Shaun and I have a running joke that we just can’t do things the easy or normal way. We met in college and then dated long-distance for four years, first between Ohio and New York, and then between Texas and New York, while I finished up school. With inter-state travel being a necessity, we were bound to have a few travel-related mishaps along the way.
It also meant that “dating” was a bit of a misnomer when it came to describing our relationship. E-mailing, AIM-ing, phoning, skype-ing, even letter-writing, yes–but actual dates were a rare thing. In fact, we didn’t have our first real date until we had been “dating” for about a year and a half. I suppose we could have tried a candlelit dinner via Skype, but I doubt a glowing computer screen would have created the same ambiance.
When Shaun surprised me by visiting for Valentine’s Day weekend my sophomore year, we were eager to try out this long-heard-of-but-as-yet-untried relationship ritual. The college was set in a rural part of New York, and the campus and surrounding hamlet offered no appealing venue for such a momentous occasion–being not only our first date, but also the most romantic day of the year, at that. The nearest large town, which was half an hour away, boasted an Italian restaurant, and we decided that this would be very suitable.
Being winter in New York, it was getting dark by the time we set out along the winding county routes. We were excited and a little nervous and relieved that, finally, some part of our relationship would conform to the prescribed pattern. Lacking a car, I was also excited to get off campus and at least see some different trees than everyday.
Everything had been going smoothly by the time we arrived in town, and we were basking in the rosy romance of being together, on a date, on Valentine’s Day. At the first stoplight, Shaun got into the left-turn lane and waited for the light. The light glowed green–and the truck stalled.
He turned the truck off and back on, and nothing happened. He tried again. Meanwhile, the line of vehicles waiting to turn grew longer and longer. Giving up on getting the engine to come back to life, Shaun found the AAA card in the glove box and called the number. The cars behind us also gave up on waiting, and started using the center lane to turn left around us. After waiting through several “press one” thresholds, a recorded message politely informed us that the AAA offices were closed that night.
We looked at each other in dismay. There was no other service number to try, and we were blocking traffic. “I don’t know the local police number, but there’s always 911,” I suggested. Shaun apologetically explained our non-emergency situation to the 911 operator, who dispatched a police vehicle to assist us and told us to sit tight. We sat in the dark and watched as annoyed drivers navigated around us.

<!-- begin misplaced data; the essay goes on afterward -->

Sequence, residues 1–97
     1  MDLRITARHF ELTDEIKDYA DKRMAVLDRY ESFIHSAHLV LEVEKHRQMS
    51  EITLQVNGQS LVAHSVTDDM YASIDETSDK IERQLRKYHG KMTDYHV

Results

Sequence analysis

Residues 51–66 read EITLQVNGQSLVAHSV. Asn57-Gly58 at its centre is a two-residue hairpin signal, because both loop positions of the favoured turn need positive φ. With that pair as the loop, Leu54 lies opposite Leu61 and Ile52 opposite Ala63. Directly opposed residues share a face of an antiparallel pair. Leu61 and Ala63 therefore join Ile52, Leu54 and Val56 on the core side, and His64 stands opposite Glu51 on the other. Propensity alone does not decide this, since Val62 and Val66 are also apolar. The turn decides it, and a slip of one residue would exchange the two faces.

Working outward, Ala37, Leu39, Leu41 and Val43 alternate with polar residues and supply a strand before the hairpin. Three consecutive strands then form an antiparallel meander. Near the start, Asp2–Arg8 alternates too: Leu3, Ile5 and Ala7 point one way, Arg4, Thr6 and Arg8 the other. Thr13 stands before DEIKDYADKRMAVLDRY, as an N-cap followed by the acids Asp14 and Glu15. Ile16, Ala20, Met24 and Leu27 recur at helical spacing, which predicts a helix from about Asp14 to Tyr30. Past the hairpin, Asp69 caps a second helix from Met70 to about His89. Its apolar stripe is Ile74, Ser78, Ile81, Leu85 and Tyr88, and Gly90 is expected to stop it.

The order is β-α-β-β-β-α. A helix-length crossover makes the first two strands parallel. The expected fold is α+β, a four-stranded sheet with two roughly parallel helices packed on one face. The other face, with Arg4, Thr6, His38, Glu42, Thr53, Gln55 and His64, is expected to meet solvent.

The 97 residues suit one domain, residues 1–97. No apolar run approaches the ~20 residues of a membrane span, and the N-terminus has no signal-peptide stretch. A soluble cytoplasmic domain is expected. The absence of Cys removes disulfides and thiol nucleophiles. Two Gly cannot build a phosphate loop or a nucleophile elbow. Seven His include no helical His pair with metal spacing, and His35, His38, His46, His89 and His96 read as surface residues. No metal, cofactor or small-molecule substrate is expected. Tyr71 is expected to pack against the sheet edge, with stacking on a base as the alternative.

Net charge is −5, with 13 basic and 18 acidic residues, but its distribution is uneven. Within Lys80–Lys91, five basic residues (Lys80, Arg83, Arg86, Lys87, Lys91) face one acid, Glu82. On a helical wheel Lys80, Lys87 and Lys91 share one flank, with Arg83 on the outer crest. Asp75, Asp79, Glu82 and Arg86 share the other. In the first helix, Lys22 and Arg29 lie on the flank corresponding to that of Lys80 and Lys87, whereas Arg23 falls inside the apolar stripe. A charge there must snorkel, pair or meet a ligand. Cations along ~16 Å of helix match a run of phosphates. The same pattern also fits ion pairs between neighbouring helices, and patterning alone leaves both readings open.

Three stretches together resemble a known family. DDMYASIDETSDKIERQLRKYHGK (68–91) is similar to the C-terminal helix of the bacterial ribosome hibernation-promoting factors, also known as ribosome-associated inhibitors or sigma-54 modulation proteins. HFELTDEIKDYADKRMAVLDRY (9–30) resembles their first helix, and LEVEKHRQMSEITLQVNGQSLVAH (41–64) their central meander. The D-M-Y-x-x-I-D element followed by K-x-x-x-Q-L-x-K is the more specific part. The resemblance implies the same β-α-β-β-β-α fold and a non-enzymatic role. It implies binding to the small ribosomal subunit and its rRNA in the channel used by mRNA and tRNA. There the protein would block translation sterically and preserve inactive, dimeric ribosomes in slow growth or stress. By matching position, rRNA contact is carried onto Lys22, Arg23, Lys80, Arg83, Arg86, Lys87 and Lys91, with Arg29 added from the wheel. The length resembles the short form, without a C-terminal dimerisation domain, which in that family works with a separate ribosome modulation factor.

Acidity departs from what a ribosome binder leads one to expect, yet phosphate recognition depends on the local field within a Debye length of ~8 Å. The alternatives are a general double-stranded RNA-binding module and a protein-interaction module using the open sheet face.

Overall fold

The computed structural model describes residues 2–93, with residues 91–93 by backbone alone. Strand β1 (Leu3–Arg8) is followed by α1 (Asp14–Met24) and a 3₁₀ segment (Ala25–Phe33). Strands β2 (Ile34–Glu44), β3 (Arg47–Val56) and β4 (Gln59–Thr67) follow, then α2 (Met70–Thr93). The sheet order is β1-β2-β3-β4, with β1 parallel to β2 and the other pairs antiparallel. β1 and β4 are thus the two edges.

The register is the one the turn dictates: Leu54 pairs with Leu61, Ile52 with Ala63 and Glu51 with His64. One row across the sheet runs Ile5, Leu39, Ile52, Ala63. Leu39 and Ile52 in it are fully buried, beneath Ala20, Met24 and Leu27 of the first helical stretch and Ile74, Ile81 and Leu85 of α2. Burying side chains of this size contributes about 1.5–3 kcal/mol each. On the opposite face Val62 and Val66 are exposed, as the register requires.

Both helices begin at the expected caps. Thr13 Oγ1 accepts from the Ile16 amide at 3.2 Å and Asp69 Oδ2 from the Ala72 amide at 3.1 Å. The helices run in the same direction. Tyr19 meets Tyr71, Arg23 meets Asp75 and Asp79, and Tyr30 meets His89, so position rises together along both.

At last we saw flashing lights and an officer pulled up behind us. Shaun demonstrated the stalled engine to him. He had Shaun put the truck in neutral, and pushed the vehicle across the intersection and onto the shoulder. Then he offered us a lift to the police station, where we could try and figure out a way to get back to campus.
I sat in the passenger seat of the police car, while Shaun had the notable experience of riding in the back, on the hard plastic bench, behind a metal grate. When we arrived at the station, the officer said to me, “You can go ahead and get out, but then you’ll have to let him [Shaun] out, because the back doors don’t open from the inside.” So I ended up chivalrously holding the car door open for my boyfriend.
Inside the police station, we tried to figure out what to do next. The other officers offered us coffee, and a few jokes about our situation, and looks full of pity. At the time I did not have a cell phone, and had none of my friends’ numbers. In any case, few of them had cell phones, and even fewer had vehicles. Thankfully, Shaun’s phone still had numbers for some of his fellow ROTC cadets, from when he had attended the college the previous year. He started working his way down the list.
Not surprisingly, most everyone was out for Valentine’s Day. At long last, he reached someone who wasn’t out on a date, and thankfully, who had a car. Forty-five minutes later, our ride pulled up outside the police station door. We rode back to campus in awkward silence. So yeah, thanks for picking us up from our date at the police station–so glad you didn’t have a date yourself tonight….
Our rescuer accepted our profuse thanks and some money for gas, and dropped us off at the campus center. It was late, and we still had not eaten, so we made our way to the campus snack shop, where we ate wraps and curly fries at a booth, surrounded by students doing homework, goofing off, and ogling this poor couple who had to have a date at the snack shop.
The bright side of this situation was that Shaun had to stay over for an extra day, to wait for his truck to be repaired.
We never did get to that Italian restaurant.
But Shaun did propose two years later, so it must not have been such a bad first date, after all.